A decision in the second case before the Federal Court that I had written about in my early May posting (Sandoz v Attorney General of Canada) has also been issued by the Federal Court. http://decisions.fct-cf.gc.ca/fc-cf/decisions/en/item/71655/index.do
The Sandoz case was also heard by Mr. Justice O’Reilly and its reasoning and decision mirrors the Ratiopharm case below in that he rejected the PMPRB Board’s decision that Sandoz was a “patentee” subject to the Board’s jurisdiction.
The immediately noteworthy aspect of the Sandoz case is that it expands our understanding of the limits that the Federal Court would place on the PMPRB definition of patentee.
Whereas in the Ratiopharm case, the generic company was truly an arm’s length third-party that had acquired its rights to sell ratio-salbutramol HFA via a contract from GSK that clearly stipulated that GSK retained all intellectual property rights to the drug, Sandoz was and is a wholly owned subsidiary of parent company and patent holder Novartis (and its relationship and dealings with Novartis regarding generic products were not subject to any formal written contract). Nevertheless, the Federal Court still did not think that Sandoz could reasonably be considered a patentee.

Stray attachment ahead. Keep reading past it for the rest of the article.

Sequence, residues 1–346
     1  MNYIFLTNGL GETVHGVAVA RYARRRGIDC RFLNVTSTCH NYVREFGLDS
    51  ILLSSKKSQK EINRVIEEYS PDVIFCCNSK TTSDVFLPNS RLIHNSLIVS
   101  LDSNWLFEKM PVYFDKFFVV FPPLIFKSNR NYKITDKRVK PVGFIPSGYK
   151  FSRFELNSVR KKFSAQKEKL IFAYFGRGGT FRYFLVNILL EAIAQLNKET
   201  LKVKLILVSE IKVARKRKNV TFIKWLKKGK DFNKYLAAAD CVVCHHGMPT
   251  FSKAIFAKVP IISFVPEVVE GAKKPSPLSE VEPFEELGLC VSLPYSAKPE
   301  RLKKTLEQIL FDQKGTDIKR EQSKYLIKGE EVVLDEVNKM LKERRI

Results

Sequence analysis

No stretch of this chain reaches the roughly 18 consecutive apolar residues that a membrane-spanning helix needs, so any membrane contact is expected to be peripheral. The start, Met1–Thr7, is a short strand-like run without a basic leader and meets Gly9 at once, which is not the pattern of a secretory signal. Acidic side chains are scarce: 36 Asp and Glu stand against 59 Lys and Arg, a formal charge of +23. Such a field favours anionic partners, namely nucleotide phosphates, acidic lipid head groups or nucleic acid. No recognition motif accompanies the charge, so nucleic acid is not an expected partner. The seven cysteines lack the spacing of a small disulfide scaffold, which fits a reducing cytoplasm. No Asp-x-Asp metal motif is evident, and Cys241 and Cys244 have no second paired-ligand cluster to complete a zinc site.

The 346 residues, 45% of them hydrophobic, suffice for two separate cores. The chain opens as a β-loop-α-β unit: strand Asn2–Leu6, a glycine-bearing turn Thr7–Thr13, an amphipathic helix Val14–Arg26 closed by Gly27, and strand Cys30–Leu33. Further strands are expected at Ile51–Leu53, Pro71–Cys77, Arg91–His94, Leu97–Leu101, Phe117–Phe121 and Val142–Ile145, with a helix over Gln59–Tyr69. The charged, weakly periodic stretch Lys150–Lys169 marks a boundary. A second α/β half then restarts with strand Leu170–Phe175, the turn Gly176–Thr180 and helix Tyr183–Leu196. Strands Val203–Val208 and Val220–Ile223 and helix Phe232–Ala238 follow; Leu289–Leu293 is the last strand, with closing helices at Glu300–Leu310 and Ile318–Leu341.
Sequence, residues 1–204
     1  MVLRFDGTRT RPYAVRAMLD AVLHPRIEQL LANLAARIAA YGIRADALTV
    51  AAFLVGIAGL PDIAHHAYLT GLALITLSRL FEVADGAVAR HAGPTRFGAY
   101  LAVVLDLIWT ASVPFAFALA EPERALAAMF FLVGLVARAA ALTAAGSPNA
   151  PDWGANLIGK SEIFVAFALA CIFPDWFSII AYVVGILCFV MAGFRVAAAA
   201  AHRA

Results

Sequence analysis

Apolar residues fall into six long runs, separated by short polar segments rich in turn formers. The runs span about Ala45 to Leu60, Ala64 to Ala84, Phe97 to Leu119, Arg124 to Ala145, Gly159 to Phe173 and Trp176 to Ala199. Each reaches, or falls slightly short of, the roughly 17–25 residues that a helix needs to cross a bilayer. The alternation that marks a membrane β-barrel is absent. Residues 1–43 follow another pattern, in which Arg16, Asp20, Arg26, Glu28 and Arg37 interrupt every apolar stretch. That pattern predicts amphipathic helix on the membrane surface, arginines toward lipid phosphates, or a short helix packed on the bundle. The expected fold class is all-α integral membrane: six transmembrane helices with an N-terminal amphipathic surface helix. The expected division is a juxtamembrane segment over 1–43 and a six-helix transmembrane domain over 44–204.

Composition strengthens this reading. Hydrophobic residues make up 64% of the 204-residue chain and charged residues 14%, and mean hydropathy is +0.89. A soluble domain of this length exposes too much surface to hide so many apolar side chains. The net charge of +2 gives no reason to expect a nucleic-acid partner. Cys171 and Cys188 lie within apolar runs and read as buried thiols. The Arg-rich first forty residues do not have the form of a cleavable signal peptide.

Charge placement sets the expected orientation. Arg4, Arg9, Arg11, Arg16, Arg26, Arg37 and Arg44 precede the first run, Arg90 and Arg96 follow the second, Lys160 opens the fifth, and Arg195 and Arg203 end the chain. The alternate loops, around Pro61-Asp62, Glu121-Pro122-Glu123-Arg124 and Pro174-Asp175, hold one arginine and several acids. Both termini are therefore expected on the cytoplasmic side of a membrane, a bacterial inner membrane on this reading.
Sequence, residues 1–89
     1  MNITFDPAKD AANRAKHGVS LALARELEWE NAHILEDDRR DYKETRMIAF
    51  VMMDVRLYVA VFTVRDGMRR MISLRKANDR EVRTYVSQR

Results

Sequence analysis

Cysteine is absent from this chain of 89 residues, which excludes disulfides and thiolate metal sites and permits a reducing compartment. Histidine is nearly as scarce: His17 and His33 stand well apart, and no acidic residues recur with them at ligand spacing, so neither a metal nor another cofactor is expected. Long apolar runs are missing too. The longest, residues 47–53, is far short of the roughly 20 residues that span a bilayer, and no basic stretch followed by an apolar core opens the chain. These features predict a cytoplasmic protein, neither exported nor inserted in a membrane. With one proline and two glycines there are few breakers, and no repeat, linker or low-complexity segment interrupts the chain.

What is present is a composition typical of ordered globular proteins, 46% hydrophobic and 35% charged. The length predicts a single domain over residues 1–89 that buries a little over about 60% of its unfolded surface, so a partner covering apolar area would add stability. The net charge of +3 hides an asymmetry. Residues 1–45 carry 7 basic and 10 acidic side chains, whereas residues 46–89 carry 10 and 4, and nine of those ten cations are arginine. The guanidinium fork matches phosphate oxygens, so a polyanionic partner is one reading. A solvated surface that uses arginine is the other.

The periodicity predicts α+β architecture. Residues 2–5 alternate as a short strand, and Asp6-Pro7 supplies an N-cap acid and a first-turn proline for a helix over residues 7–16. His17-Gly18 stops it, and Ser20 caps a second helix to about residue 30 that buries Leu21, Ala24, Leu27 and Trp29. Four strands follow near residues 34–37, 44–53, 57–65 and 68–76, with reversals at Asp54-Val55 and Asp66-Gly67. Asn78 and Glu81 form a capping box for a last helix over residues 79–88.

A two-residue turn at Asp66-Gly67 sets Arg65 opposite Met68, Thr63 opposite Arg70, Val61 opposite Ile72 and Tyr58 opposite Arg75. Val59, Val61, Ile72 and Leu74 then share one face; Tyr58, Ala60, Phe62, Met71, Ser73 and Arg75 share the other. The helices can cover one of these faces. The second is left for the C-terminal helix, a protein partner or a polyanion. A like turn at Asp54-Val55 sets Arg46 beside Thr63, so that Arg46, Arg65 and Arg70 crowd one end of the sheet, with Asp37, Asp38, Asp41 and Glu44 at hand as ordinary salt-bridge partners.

I would not have been astonished if the Federal Court had concluded that Sandoz was a patentee within the jurisdiction of the PMPRB because the factual differences just noted supported a conclusion that Sandoz was in essence a corporate extension of the Novartis parent, and therefore Sandoz did in fact enjoy sufficient benefit of the patents held by the parent company.
This was clearly not the case, and the Federal Court in these two decisions certainly appears to be saying that the PMPRB’s jurisdiction is limited for usual and normal purposes to only those companies that are actually the patent holders, whether they be generic or innovator companies.
As stated below, both of these decisions will likely be appealed so there’s definitely more to come.